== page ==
Critical theory sucks life from pop culture classes
Published: Tuesday, June 12, 2007
Updated: Thursday, July 5, 2012 15:07
The Phoenix (UBC Okanagan)
(CUP) KELOWNA, B.C. - As an English student with a focus on the contemporary, I've always looked to pop culture classes as a means to easier credit. There are a number of reasons for this: I feel like I might recognize the texts studied in pop classes.
I'd rather study Toni Morrison and Timothy Findley than William Shakespeare. I can relate to characters and grasp thematic concepts more quickly. Perhaps, most importantly, I enjoy reading about places and things, and then connecting those places and things to Kevin Bacon, and eventually, to myself.
Unfortunately, pop culture study has a dark side. It has the potential to be downright excruciating. This happens when cultural texts are hammered into frames for literary, psychological, or sociological theories. Suddenly a film's mise en scene, a novel's mention of the colour red or a musical track's white space cease to exist as independent acts of creative expression and become expressions of a cultural theory.
Interpreting text using the work of theorists like Foucault or Lacan (just to name two who seem fairly well used in academia) is neato. When a professor actually took the time to explain Lacan's ideas about lack to me, I felt really excited. Suddenly I had a new perspective that I could apply to things.
But, more often than not, there isn't time to explain - only to summarize books of innovative thought into three or four fatally reductive bullets on an overhead or handout. It's in these cases that I feel frustrated, because I'm being taught a Dummies version.
Teach it or don't. That's what I want. When a class on culture consists of little more than using bits of theory, I get the feeling that the professor is still trying to convince herself/himself that pop culture deserves to be studied.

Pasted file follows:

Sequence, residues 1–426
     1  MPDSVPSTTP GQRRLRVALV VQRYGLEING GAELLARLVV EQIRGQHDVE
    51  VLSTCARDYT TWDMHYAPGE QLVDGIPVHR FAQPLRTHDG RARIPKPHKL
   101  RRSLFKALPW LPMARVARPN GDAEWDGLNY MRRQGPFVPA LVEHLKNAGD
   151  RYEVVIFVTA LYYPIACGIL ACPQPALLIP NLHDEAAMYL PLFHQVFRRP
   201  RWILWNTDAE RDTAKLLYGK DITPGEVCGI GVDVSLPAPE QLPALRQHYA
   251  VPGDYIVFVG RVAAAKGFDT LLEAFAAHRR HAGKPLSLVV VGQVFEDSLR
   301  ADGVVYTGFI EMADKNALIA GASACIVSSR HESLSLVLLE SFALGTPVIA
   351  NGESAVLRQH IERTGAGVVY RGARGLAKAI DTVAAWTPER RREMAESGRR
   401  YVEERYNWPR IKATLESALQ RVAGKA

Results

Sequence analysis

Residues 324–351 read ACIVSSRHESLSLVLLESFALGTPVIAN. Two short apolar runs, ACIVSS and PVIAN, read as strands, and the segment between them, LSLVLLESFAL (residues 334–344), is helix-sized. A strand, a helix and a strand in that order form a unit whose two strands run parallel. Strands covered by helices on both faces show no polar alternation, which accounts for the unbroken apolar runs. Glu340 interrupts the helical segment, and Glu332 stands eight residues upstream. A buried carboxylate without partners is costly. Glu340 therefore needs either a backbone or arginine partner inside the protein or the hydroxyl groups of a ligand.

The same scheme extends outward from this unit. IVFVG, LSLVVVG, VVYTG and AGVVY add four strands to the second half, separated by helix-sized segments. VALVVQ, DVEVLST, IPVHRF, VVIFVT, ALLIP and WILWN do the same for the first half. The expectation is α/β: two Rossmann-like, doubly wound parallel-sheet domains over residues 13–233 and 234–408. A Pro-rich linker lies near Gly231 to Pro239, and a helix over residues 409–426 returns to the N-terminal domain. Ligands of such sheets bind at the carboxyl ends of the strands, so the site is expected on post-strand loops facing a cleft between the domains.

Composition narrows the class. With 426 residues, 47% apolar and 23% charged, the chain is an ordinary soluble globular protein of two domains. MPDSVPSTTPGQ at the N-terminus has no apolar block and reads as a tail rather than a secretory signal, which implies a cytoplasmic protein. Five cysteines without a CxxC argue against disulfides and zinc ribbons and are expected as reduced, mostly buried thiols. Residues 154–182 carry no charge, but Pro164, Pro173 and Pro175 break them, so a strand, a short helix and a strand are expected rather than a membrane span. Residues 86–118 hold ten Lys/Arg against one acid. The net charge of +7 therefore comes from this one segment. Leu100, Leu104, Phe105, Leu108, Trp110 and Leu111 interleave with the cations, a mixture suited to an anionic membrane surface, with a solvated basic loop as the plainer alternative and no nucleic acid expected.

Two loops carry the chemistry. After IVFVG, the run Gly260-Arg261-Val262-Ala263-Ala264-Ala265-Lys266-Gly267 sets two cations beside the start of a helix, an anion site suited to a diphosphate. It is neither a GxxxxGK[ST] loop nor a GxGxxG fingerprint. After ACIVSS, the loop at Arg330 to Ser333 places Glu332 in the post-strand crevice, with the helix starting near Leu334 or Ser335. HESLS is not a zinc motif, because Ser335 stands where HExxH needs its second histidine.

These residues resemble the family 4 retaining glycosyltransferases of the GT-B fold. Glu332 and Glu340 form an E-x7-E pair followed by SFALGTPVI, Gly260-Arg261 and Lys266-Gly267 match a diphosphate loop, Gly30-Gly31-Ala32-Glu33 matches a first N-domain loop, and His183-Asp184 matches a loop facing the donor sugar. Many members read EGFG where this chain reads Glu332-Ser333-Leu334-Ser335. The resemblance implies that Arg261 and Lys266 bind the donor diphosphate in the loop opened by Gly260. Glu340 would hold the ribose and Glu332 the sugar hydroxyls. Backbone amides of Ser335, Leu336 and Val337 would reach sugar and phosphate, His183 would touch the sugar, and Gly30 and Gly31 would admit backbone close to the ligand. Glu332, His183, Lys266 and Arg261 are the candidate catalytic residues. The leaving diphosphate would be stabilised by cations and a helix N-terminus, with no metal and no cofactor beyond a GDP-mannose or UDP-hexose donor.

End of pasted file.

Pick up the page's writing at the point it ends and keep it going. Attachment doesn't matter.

The problem is that many theories merit entire courses, and cannot be crammed into the spaces between novels, film, or poems in an English class. Many professors only have time to present a vague, paint-by-number summary of one topic, one idea, out of context.
For people like me, who are actually interested in learning more about these theorists, these incomplete forays into lit/crit theory are irritating because they are too specific and reductive to be useful outside of the course. For example, I would have gladly spent a semester studying the work of Lacan, Derrida, Butler, Sartre, Delueze, Haraway, Levinas ... I like theory. But lately I feel like I'll only ever learn it with any comprehension on my own, outside of university.
As a solution to my complaint, I'd love to see more pop culture profs with enough confidence in the texts they teach to move forward without depending on theoretical crutches that are too often contrived and little more than tenuous.
I would rather see a more basic treatment of pop culture texts - a near-sighted approach, one that gives creative power to the author rather than writing off the artist's work as little more than flesh on the bones of an intellectual theory.
Secondly, classes could be described more precisely so that students can make better choices before they register. For example, I would not take a class called "A Lacanian analysis of Rave" but I might sign up for "Levinas and 21st century desire".
The near-sighted approach I favour is pretty much a historicist's approach. I'm not sure why historical context has become so secondary in some courses. The knowledge I take from pop culture is largely composed of specific information I've learned about particular artists. Facts about production, the strange habits of writers, influences, sources of inspiration, causes of death, the budget of a film and its subsequent success/failure - not paradigms of analysis.
So, what it all comes down to is: if I want to understand a theorist I will find their work and read their words. If I want to learn about 20th or 21st century literature and Derrida shows up more than Joyce, there had better be a damned good reason.